Why health related goals don’t motivate us

Logical rewards like “health” and “weight loss” do not motivate people to sustain health related behavior. 


Reasons for lifestyle change such as future health benefits sounds great but people quickly revert to old habits as physical activity is not made explicitly relevant to our most important daily roles and priorities. It is a fact that human beings are hard wired to choose immediate gratification over benefits that we have to wait to receive. Our health and wellbeing exists in the context of our daily, busy, crazy, complex, unpredictable daily lives. Therefore being physically active should be based on the desire to make self-care a priority and a good fit with your life.  

Our meaning for exercise powerfully influences our subsequent motivation, decisions, how we cope with challenges and whether we sustain physically active lives. Motivating reasons such as weight loss and better health do not provide immediate rewards and feedback we need to consistently do it. Most people who intend to get healthy or start exercising quit within 6 months because exercise does not appear to be essential to their daily lives in immediate and noticeable ways.   

Every failure at sticking to a workout program and every bad experience you have with exercise reinforces the meaning we hold for exercise – which is bound to be negative. We start to feel discouraged about our ability to be physically active and then become to dislike being physically active. Exercise easily becomes a chore we force ourselves to do.  

To start to see exercise as a gift rather than chore we must draw on positive experiences and create new and more motivating experiences. Even those that think they despise exercise can discover that they have at least one good exercise movement. Below are some types of physical activities you can copy and mark whether you have positive or negative feeling towards them:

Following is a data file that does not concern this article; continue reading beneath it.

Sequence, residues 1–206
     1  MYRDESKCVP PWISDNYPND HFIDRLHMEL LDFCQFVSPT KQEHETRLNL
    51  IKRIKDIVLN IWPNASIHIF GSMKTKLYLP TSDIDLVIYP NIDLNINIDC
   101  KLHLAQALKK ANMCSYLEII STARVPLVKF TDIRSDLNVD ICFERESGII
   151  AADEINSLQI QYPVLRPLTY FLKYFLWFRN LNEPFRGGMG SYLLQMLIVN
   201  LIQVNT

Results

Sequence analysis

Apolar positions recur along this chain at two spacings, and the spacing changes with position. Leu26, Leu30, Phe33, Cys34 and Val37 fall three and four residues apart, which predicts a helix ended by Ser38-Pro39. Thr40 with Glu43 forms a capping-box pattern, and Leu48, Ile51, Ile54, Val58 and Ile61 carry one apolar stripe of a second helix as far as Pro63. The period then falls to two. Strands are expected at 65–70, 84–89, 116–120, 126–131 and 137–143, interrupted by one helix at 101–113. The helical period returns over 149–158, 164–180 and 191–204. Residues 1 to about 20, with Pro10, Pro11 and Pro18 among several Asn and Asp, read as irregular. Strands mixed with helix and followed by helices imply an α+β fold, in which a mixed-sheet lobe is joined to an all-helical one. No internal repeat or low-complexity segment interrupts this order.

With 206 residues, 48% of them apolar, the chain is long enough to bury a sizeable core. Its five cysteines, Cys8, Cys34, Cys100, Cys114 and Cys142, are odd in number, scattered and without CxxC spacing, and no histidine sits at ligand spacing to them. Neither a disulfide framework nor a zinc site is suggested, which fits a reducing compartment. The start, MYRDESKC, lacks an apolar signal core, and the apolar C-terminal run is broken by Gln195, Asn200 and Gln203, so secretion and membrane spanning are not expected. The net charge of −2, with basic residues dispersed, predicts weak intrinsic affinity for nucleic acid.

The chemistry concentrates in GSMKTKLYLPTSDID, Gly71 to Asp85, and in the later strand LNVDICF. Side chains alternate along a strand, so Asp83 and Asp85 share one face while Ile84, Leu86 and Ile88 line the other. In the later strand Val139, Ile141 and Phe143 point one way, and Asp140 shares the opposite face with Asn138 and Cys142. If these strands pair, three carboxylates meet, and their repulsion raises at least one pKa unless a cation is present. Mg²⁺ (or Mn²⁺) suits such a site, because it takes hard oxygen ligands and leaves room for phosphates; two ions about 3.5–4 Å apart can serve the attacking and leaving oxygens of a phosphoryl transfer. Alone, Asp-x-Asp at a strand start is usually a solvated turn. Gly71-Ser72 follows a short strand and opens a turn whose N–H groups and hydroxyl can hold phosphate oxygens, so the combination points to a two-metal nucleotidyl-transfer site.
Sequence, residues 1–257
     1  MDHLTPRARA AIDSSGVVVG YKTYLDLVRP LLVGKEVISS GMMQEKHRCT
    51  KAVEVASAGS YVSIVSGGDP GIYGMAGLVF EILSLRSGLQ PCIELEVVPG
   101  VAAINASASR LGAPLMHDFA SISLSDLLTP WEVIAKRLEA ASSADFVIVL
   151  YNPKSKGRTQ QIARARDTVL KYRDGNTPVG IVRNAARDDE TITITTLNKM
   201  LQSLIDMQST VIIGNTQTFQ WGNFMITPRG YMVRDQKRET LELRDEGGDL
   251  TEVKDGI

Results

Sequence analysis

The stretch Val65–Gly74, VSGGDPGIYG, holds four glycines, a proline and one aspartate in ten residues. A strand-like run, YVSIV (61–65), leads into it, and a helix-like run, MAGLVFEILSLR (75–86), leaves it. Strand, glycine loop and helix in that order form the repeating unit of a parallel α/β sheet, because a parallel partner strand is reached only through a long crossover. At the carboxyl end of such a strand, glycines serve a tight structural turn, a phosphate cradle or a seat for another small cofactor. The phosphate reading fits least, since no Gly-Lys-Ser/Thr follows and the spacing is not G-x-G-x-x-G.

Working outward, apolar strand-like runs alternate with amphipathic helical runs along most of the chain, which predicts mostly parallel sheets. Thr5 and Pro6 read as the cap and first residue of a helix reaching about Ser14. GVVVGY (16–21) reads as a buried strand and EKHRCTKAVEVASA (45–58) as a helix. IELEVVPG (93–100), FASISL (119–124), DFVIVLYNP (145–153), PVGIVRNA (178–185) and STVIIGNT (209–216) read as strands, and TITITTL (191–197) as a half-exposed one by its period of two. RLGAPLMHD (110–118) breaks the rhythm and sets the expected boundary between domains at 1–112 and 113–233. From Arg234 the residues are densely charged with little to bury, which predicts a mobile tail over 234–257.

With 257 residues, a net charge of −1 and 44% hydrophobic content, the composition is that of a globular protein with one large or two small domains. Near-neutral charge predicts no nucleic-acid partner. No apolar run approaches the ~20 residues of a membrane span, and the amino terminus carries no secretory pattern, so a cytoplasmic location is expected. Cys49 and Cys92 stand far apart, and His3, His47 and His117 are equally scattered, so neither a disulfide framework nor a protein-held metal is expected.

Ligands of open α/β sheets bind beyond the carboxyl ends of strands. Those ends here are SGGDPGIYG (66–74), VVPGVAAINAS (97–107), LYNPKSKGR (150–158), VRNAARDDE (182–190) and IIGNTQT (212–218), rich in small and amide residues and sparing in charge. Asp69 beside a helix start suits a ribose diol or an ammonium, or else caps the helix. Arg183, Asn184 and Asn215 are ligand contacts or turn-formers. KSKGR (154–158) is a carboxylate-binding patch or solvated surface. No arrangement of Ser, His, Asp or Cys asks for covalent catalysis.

Activity type   Positive   Negative  
Gym class      
Team sports (e.g. football)     
Individual sports (e.g. tennis)     
Exercising at clubs      
Walking with a friend     
Walking outside     
Walking your dog     
Walking on a treadmill (perhaps with music or watching something)      
Using home equipment      
Group exercise (e.g. Zumba)      
Exercising while watching a video at home      
Jump roping      
Ice skating      
Daily living physical activities (household cleaning, gardening, walking to do errands)      


Adopting a positive meaning for exercise can turn it in to something we actually want to do. When we chose to make exercise part of our lives for personally compelling reasons, also choosing to move in ways that make us feel good, we are more likely to maintain exercising. We must realize there is infinite variety of physical activities and intensities that will reap benefits equal to or greater than a strict regimen of intense workouts. Take any and every opportunity to move, in any way possible, at whatever speed you like, for any amount of time. Logic doesn’t motivate us nearly as much as emotions do. This is why moving in ways that make us feel good is a better motivating factor than the promise of future health benefits.  

If you are seeking for an advice, please speak to our fitness professionals at SportsDock. 


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